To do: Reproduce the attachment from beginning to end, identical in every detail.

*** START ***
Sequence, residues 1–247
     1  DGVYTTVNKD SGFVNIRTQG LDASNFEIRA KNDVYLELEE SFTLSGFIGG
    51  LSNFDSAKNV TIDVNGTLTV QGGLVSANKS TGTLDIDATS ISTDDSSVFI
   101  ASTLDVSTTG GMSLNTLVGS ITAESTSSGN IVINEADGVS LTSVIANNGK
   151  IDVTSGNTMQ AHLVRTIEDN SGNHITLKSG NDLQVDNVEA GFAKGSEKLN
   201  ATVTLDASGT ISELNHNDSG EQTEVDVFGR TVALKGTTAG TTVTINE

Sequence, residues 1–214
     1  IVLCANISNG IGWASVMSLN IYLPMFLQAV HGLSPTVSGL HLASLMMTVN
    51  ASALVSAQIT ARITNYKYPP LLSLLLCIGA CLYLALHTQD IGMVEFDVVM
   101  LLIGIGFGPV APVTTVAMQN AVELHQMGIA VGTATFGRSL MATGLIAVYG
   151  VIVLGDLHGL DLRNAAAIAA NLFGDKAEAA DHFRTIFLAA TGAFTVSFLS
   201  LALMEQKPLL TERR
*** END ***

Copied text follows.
Sequence, residues 1–247
     1  DGVYTTVNKD SGFVNIRTQG LDASNFEIRA KNDVYLELEE SFTLSGFIGG
    51  LSNFDSAKNV TIDVNGTLTV QGGLVSANKS TGTLDIDATS ISTDDSSVFI
   101  ASTLDVSTTG GMSLNTLVGS ITAESTSSGN IVINEADGVS LTSVIANNGK
   151  IDVTSGNTMQ AHLVRTIEDN SGNHITLKSG NDLQVDNVEA GFAKGSEKLN
   201  ATVTLDASGT ISELNHNDSG EQTEVDVFGR TVALKGTTAG TTVTINE

Sequence, residues 1–214
     1  IVLCANISNG IGWASVMSLN IYLPMFLQAV HGLSPTVSGL HLASLMMTVN
    51  ASALVSAQIT ARITNYKYPP LLSLLLCIGA CLYLALHTQD IGMVEFDVVM
   101  LLIGIGFGPV APVTTVAMQN AVELHQMGIA VGTATFGRSL MATGLIAVYG
   151  VIVLGDLHGL DLRNAAAIAA NLFGDKAEAA DHFRTIFLAA TGAFTVSFLS
   201  LALMEQKPLL TERR